Python touring tandem trike

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Dec 29, 2016
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Lanc's, England
So I started another project.
A python touring tandem trike, a spin off from my python suitcase bike.
The concept is: a covered storage box over the rear wheels which can hold 100+ liters of camping gear, the stoker on top/inside the storage box and with a python front end.
The trike is made of tree parts; rear storage box, in between boom and a python front, so it can be transported easily.
The python has 2 x 8 speed transmission, the stoker has a midmotor and a 6 x 6 speed transmission.
I want to ride the "way of the roses", a 170 miles (270 km) route across northern England, next year.
My original plan was to do it with the suitcase python unaccompanied,
but instead the plan is to ride the route both ways in 2 stages/weekends instead, I have 45 miles to the start and the route goes 15 miles north of where i live, so 1st weekend we ride to the start in Morecombe and ride the route back to our house, a 2 days ride, and then a second 4 days ride for the rest of the route and back home.
But first get it built.
 
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Yikes that's going to be a load on the pivot ?

or have I miss understood the concept ?

Paul
 
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I would recommend a "PPP" utilising Angular contact bearings for the pivot. But that's just me. :)
 
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Dec 29, 2016
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Yikes that's going to be a load on the pivot ?
Paul
I have contemplated the reason why my python is twitchy and yours isn't, having very similar angels and setup.
The main difference is that I made the distance between the rod ends longer than you, if i remember right, yours was about 8cm and mine about 12cm, a difference of 1,5. So according to the formula on openbikes webpage http://en.openbike.org/wiki/Calculations my rod ends has 33% less radial force each, which, I presume, makes the front end easier to move and the python twitchy on higher speed.
So I'm going to keep the same distance, or slightly longer, than my python and the higher load on the rod ends, hopefully, makes it less twitchy.
The formula above, if I use 12cm between the rod ends, gives a 7.8kn load on each rod end, if the bike is fully loaded (200kg), the dynamic load rating for a 12mm rod end is 7kn, the static load rating is 17.5kn. I think a python pivot is in between static and dynamic, so it's doable.
I might keep a spare rod end with me when I'm touring.:)
 
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Forgotten all about that , you may well be right.

Don't forget to beef up the mountings I broke some 3mm on mine built to the same design as yours !

failure

Paul
 
Joined
Oct 19, 2012
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Wakefield, UK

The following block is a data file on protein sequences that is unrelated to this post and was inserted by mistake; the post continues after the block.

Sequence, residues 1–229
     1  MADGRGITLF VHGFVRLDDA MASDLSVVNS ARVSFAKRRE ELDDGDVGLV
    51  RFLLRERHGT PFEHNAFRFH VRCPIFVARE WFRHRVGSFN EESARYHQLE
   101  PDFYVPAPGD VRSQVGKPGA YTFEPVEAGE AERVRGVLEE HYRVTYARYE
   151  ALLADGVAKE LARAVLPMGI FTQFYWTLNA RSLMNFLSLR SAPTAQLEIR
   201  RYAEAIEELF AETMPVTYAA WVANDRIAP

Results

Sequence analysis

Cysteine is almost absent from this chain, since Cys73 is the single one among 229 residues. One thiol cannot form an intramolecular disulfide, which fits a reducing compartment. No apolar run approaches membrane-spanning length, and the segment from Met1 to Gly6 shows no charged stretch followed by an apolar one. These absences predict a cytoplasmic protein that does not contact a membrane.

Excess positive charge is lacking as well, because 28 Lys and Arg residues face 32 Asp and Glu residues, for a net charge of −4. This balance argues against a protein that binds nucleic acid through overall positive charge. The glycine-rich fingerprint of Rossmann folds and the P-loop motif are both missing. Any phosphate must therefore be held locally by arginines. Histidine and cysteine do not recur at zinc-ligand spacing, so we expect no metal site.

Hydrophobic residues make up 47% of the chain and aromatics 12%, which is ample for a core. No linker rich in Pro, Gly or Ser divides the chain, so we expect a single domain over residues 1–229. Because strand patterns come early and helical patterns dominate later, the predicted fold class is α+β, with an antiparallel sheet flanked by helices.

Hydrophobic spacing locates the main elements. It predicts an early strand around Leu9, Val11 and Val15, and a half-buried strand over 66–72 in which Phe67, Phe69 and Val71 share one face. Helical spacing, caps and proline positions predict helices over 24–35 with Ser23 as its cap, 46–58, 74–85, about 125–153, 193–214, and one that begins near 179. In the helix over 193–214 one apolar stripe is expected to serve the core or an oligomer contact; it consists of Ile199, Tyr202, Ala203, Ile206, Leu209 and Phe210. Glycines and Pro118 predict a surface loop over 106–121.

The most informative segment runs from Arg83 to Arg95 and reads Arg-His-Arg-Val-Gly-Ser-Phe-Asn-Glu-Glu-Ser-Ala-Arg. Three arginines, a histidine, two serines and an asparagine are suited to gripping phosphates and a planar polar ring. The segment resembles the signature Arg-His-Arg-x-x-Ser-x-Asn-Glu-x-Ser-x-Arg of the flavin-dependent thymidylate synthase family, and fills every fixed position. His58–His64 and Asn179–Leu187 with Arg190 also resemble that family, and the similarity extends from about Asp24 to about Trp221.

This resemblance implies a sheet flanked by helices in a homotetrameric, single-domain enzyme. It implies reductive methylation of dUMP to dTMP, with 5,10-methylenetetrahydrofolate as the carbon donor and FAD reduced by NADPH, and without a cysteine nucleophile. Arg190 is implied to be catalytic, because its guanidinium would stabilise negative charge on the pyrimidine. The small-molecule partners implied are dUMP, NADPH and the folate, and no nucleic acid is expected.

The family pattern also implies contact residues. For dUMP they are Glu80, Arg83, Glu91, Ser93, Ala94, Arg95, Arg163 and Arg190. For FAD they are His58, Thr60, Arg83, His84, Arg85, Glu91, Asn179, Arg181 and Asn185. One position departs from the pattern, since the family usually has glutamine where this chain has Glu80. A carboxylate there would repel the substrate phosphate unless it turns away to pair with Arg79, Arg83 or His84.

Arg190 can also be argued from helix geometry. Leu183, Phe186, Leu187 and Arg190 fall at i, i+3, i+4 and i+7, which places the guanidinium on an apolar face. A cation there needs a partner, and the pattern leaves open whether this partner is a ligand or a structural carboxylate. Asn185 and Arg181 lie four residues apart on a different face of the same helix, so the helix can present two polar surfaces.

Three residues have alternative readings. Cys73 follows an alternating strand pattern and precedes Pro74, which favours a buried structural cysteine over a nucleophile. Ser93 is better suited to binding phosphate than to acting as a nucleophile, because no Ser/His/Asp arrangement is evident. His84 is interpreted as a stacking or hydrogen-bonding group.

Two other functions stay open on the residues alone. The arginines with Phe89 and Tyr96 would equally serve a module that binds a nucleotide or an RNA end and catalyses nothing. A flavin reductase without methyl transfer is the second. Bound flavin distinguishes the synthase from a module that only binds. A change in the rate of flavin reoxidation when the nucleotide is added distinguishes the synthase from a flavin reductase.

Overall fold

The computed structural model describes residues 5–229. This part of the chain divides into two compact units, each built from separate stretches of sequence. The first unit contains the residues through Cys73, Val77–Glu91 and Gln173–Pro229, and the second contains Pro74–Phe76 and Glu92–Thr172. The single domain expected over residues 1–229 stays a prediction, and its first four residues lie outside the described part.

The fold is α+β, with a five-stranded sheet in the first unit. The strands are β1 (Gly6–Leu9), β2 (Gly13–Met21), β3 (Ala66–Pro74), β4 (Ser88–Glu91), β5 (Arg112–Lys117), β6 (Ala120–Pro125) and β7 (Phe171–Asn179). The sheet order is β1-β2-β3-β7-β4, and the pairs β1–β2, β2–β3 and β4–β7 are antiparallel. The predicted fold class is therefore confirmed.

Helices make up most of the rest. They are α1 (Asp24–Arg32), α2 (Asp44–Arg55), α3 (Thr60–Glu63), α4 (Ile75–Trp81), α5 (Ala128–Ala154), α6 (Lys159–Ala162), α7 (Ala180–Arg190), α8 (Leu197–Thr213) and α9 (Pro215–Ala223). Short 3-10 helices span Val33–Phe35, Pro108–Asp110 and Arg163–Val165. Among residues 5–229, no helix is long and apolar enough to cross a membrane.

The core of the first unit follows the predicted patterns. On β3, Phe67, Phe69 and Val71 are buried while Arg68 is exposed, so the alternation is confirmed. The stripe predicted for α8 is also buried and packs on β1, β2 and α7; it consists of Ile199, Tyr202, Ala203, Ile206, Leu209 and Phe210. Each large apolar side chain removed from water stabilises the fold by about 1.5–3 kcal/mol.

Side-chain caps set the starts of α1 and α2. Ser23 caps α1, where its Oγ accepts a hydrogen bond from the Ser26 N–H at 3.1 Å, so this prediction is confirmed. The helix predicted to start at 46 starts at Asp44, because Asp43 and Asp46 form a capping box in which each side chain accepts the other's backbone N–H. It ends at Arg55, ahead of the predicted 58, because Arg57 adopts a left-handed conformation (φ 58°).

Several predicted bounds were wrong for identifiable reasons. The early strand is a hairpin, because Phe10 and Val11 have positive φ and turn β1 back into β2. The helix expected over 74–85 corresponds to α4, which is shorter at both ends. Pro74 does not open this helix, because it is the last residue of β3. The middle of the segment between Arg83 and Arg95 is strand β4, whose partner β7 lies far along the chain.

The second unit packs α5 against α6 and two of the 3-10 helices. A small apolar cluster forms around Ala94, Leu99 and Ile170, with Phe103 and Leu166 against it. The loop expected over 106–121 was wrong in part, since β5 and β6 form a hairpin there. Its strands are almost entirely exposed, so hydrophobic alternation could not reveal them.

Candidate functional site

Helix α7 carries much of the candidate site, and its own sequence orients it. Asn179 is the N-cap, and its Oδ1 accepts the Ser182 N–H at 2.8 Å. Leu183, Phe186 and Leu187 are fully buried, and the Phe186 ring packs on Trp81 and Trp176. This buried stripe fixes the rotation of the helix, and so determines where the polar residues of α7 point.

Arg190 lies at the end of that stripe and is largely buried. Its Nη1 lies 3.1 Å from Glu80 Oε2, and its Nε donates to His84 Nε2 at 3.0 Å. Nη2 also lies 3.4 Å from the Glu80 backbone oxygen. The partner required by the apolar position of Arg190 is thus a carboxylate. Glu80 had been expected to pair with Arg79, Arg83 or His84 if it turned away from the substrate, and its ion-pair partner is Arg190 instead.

If using rod ends I'd think the quality of them may play a part in how easily they rotate under load too. The weight of the rider(s) will also heavily determine the load on them. Even if the stoker is 100% over the rear axle, the pilot is likely further from the rear axle meaning a greater % of their weight will be on the front. I agree with Danny in that angular bearings are the better option for this pivot or indeed any python pivot. Both bicycles and motorcycles use similar bearings but rod ends are simple shell type bearings. Cheap angular bearings will work well here but cheap rod ends will work differently to expensive ones under load with likely a high inertia or "sticktion" before slipping. It's possibly that sticktion that causes twitchyness. Paul's rod ends obviously work well but the window for working well would appear to be narrow. I would expect angular bearings to have a wider window with close to zero sticktion.
 
Joined
Dec 29, 2016
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Don't forget to beef up the mountings I broke some 3mm on mine built to the same design as yours !
I will design the to the pivot as my first python, using a 80 x 40 x 3 rectangular tube cut into 2 U pieces, the different on my first design compared to yours is that I sandwiched each
rod end.



(picture from the archive)

This time I'm going square, using 40 x 40 x 1.5 for the main boom.
 
Joined
Dec 29, 2016
Messages
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It's possibly that sticktion that causes twitchyness.
I think the opposite, having a longer distance between the rod ends makes my front end move easier and therefore be more likely to "twitch".
Mine is harder to learn to ride than Paul's but ones you are use to it is no problem, you only feel the twitchyness when you go past 20mph.
This python will be built for touring not racing.
I have already spent my cash on cheap rod ends so that's what I'm going to use.
 
Joined
Dec 29, 2016
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Lanc's, England
The frame is slowly coming together. I started with the rear box and boom all from 40 x 40 x 1.5.



it's in two pieces



Inside the holes on the boom is welded m8 nuts so a bearing box can be bolted on top of the frame, which will also hold the frame parts together.
The rear frame is 900mm wide which is the total width, the wheels will be mounted inside the rear box.
The leftover box section was cut in halve and into bits, which will be part of the wheel frame.

 
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